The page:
Officials in the UK have made the case for regulating, not banning, in-play betting.
Australia will deter offshore operators but not defeat them
Prior to this bill, there was no specific prohibition on offshore operators from offering services in Australia.
There is no licensing system for online poker in Australia. But operators such as PokerStars and 888 have been able to compete in the market without fear of prosecution.
The new bill changes the situation entirely. 888 has already exited the Australian market. PokerStars is likely to follow when the bill becomes law.
The bill now splits gambling into two types — legal and illegal:
“Prohibited interactive gambling services (‘illegal services’) and regulated interactive gambling services (most of the current excluded services) – and include new provisions prohibiting a person providing regulated interactive gambling services to Australians unless the person holds a licence under the law of an Australian State or Territory (‘unlicensed regulated interactive gambling services’)”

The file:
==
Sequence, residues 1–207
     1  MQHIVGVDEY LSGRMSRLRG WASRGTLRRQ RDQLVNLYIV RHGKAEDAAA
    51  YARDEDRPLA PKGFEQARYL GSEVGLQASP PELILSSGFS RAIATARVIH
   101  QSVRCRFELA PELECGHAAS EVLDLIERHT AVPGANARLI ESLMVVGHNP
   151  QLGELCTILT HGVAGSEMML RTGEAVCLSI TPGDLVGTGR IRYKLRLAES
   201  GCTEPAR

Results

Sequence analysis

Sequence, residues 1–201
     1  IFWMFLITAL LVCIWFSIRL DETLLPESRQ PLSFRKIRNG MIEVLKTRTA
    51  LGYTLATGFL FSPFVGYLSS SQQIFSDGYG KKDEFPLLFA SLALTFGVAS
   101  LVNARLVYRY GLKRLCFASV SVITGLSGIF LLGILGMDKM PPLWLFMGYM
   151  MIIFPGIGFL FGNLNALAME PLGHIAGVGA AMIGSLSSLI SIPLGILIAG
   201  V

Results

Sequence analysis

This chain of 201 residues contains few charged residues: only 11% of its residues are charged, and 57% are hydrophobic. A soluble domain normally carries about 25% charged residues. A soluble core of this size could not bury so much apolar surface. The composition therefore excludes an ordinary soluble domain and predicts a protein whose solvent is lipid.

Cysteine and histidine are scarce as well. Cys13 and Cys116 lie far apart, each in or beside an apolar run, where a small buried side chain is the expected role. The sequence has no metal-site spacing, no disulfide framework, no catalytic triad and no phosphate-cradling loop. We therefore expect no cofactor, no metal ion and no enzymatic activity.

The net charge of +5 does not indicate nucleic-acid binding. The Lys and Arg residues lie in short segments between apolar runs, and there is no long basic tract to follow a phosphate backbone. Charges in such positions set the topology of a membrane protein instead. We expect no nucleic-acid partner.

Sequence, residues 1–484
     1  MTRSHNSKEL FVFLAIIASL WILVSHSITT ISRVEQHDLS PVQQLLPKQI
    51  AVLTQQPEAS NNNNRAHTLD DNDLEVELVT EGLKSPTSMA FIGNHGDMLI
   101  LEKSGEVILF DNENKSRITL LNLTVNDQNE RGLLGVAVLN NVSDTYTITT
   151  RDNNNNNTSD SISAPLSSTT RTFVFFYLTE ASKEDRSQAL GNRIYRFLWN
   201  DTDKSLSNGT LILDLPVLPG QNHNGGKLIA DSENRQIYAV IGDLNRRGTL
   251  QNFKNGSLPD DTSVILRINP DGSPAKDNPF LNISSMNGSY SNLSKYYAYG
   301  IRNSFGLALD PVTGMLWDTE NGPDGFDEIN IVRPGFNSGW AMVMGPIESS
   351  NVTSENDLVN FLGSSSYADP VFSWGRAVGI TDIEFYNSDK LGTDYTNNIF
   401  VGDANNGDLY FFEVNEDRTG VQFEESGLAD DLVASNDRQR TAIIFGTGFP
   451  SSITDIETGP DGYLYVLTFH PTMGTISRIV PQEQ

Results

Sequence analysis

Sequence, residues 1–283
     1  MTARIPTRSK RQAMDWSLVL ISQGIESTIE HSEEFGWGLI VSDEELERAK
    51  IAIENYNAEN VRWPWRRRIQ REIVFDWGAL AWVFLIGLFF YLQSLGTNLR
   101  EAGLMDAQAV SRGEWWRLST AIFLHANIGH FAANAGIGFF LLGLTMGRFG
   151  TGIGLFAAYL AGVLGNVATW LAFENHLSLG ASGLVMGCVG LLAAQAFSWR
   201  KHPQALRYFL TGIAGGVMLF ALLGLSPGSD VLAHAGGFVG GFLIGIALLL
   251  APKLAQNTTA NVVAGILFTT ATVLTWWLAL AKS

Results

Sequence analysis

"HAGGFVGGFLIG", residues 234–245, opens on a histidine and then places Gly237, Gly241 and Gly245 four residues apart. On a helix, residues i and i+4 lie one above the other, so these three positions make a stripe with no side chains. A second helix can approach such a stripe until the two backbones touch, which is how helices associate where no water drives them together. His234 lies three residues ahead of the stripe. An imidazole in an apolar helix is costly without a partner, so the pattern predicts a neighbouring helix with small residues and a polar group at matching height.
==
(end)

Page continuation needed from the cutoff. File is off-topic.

Australian regulators gain power
The Australian Communications and Media Authority is being given new powers to act against unlicensed operators.
When the bill passes, the ACMA will gain powers of:
- ISP blocking
- The imposition of civil penalties for offending operators
- Powers to the immigration department to disrupt the travel of directors of offending gambling companies
- The provision of authority to the Australian Communications and Media Authority to disclose information on offending operators to other national regulatory bodies
- The creation of a blacklist of unlicensed operators
For the law-abiding licensed operators such as Bet365 and William Hill, there will be some relief from offshore competition. However, Australia has little enforcement power over the activities of offshore operators. The impact is likely to be minimal.
The bill now goes to the House of Representatives, where lawmakers will vote on it shortly. There is more than sufficient support for it to pass, and it should become law within a couple of months.